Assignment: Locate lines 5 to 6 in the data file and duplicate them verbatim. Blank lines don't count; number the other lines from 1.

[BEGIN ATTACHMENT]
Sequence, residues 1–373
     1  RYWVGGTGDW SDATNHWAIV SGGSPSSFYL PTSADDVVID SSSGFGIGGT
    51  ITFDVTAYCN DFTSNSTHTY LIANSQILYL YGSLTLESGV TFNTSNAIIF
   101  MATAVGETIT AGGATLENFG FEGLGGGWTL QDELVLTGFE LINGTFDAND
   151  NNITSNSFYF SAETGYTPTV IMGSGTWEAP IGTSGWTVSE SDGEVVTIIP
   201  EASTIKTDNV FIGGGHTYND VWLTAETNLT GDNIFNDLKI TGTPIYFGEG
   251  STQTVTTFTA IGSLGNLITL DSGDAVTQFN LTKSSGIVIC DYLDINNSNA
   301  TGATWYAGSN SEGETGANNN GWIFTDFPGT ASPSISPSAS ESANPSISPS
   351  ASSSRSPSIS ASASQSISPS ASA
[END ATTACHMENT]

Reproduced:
   151  NNITSNSFYF SAETGYTPTV IMGSGTWEAP IGTSGWTVSE SDGEVVTIIP
   201  EASTIKTDNV FIGGGHTYND VWLTAETNLT GDNIFNDLKI TGTPIYFGEG